COMMENTARY | The Los Angeles Dodgers have given out their fair share of bad contracts. All teams have over time, but the Dodgers have been particularly snake-bitten in recent years.
General manager Ned Colletti has missed badly on some deals, including Jason Schmidt's 3-year, $47 million deal prior to the 2006 season, Juan Pierre's 5-year, $44 million deal before the 2007 season and Andruw Jones' 2-year, $36.2 million commitment before the 2008 season. Normally, those kinds of misses would get a GM fired, but not Colletti. And while these deals are horrible -- especially in hindsight -- one deal stands out as the worst.
Juan Uribe, three years, $21 million.
Words could not describe my disgust, hatred and sheer rage when hearing about the deal. It wasn't just because Uribe was a former Giant and he was coming off a World Series win, but also because Uribe just isn't good at baseball.
Coming into the 2011 season, Uribe had a career .256/.300/.431 triple slash, which isn't that bad for a middle infielder (even if a .300 on-base percentage is not great). But the Dodgers signed him to play third base, a position that's been a revolving door since Adrian Beltre signed with the Seattle Mariners after the 2004 season.
Uribe's first two years with the Dodgers produced this triple slash: .199/.262/.289. That's ridiculous, and not in the good way. The Dodgers have paid $13 million half a win in Uribe's first two years. Talk about market inefficiency.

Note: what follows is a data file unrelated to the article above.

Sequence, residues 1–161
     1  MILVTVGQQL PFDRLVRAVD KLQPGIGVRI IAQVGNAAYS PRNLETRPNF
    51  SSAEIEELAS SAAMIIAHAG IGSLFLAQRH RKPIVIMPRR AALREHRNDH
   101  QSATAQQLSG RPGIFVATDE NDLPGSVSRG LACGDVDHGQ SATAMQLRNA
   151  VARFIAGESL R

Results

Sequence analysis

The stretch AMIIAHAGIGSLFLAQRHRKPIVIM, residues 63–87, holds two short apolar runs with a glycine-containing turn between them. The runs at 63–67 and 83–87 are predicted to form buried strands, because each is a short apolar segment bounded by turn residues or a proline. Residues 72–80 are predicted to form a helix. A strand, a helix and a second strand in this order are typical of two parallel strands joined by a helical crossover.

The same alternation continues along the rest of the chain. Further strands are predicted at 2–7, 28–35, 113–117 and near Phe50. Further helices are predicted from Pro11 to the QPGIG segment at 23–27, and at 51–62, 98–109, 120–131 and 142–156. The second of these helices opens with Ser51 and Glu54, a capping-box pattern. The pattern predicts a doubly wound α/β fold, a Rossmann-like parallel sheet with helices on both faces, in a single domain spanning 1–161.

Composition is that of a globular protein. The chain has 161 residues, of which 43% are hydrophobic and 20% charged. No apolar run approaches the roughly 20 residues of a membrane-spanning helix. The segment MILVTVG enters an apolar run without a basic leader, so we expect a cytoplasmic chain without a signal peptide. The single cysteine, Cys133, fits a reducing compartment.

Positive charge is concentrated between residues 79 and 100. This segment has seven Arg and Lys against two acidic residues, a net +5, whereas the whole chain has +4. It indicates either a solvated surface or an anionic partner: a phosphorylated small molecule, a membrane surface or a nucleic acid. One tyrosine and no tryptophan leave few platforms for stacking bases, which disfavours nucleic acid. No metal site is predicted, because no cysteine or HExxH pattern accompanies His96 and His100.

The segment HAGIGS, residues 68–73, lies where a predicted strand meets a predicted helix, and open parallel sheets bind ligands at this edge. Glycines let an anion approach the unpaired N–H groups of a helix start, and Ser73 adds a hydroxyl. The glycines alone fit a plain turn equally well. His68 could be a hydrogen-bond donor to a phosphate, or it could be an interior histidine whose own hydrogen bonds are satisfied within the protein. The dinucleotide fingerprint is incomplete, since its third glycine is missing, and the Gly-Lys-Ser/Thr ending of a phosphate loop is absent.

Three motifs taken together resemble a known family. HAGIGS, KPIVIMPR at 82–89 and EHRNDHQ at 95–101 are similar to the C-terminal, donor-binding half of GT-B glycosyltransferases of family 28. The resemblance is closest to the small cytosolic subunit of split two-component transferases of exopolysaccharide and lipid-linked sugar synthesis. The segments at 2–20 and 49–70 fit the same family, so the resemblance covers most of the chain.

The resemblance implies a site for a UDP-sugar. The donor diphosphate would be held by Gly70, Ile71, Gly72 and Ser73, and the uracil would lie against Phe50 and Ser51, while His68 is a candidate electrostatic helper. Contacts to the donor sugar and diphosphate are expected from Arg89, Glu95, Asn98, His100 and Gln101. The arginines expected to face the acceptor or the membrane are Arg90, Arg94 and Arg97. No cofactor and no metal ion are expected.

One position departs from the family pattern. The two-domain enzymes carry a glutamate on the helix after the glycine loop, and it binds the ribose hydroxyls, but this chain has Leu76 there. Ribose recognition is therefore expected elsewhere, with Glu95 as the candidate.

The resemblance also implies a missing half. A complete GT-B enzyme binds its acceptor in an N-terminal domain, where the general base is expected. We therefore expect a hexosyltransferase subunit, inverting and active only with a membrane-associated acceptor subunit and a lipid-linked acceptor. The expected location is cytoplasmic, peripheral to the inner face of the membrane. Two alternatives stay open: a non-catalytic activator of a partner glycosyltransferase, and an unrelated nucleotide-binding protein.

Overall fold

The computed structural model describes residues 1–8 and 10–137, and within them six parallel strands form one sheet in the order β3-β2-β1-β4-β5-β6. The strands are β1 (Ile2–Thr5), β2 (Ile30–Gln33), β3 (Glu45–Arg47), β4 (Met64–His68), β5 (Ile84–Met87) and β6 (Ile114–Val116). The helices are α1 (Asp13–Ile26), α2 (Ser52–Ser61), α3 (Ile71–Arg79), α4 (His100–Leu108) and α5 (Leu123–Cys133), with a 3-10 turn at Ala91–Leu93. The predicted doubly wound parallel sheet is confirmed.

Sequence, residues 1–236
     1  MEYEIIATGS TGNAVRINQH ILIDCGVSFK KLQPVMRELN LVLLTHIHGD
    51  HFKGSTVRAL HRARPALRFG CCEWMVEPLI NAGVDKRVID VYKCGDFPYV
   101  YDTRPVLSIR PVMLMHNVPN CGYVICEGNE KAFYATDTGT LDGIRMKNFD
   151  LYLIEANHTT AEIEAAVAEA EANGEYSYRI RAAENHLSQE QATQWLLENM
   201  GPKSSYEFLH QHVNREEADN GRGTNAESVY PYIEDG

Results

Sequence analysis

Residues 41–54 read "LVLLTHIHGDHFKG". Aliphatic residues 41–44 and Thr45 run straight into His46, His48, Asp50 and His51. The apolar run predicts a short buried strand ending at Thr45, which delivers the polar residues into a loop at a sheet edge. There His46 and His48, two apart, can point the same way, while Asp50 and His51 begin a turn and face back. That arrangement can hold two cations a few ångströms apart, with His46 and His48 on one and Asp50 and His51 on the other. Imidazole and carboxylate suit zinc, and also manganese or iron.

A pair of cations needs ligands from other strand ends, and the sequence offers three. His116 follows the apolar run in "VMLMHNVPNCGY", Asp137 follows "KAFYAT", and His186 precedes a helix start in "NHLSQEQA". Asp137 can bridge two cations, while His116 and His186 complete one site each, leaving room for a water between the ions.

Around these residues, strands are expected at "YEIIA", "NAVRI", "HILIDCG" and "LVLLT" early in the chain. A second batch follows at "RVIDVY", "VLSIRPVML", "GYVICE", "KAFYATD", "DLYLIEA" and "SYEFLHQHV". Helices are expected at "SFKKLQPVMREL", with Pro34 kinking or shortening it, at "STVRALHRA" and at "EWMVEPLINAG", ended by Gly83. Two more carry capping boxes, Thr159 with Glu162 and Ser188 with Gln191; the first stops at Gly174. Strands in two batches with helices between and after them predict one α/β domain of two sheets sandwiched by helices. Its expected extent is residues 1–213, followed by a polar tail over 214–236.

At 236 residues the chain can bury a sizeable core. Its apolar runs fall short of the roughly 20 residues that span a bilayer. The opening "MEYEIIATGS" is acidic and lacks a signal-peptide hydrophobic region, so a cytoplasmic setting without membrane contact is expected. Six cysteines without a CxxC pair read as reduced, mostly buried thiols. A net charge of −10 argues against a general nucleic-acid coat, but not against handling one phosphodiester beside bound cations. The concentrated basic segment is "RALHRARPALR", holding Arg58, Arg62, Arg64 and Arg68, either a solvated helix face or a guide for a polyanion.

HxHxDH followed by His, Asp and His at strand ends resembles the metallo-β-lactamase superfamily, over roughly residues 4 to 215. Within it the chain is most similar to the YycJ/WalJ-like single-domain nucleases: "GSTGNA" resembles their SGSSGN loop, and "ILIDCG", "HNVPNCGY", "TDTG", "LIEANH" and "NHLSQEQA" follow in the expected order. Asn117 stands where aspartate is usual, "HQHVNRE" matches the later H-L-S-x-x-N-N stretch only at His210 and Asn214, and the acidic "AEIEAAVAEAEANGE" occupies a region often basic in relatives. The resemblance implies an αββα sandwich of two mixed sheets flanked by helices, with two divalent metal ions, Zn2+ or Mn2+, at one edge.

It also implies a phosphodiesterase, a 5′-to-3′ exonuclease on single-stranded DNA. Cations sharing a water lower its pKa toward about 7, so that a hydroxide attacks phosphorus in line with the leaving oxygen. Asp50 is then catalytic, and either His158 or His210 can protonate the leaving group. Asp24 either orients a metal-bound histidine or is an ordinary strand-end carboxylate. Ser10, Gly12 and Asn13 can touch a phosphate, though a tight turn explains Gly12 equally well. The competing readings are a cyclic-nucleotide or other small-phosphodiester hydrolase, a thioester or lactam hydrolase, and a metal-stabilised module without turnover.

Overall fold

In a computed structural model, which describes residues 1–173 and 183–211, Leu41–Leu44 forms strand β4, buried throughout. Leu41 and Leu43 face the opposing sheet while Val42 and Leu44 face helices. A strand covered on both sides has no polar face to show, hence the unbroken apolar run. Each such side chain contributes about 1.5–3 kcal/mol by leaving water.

Uribe does nothing well on the baseball field. His arm is his best tool, and it's probably the least-important tool in a player's box. The guy simply cannot hit, and it makes me dislike him more than I already did before the team signed him.
The worst part about his contract is the Dodgers were in penny-pinching mode still when the deal was consummated. Frank McCourt was still the owner and Colletti was making poor decisions with his budgeted money. Thankfully, the new ownership group has lifted the restriction and Colletti can make up for his potential future mistakes (some would plug in Brandon League here, but I would not).
Instead of giving the money to another player, or saving that money for a different player in another year of free agency, Colletti blew it all on Uribe. He felt the need to waste $21 million, so he figured, "Why not a World Series champion who is 'clutch?'"
That's the biggest misnomer of all -- the clutch Uribe. He had two big hits in the 2010 series. That's it. But if you talk to any Giant fan, all you'll hear is "clutch!" But I digress.
Thankfully, Uribe's deal is up at the end of the 2013 season, assuming he makes it through the season on the active roster. But the Dodgers will still be on the hook for $1 million in 2014, as that money is deferred.
Deferred money -- hopefully something Dodger fans will never have to associate with this club ever again.
While the franchise has a lot of options for worst contract, Uribe's deal takes the cake, which he probably ate.
Dustin Nosler has followed the Dodgers from Northern California all his life. He's the founder of Feelin' Kinda Blue, a Dodger blog. He also co-hosts "Dugout Blues," a weekly Dodger podcast. Find him on Twitter @FeelinKindaBlue.
- Sports & Recreation
- Juan Uribe
- Los Angeles Dodgers
- Ned Colletti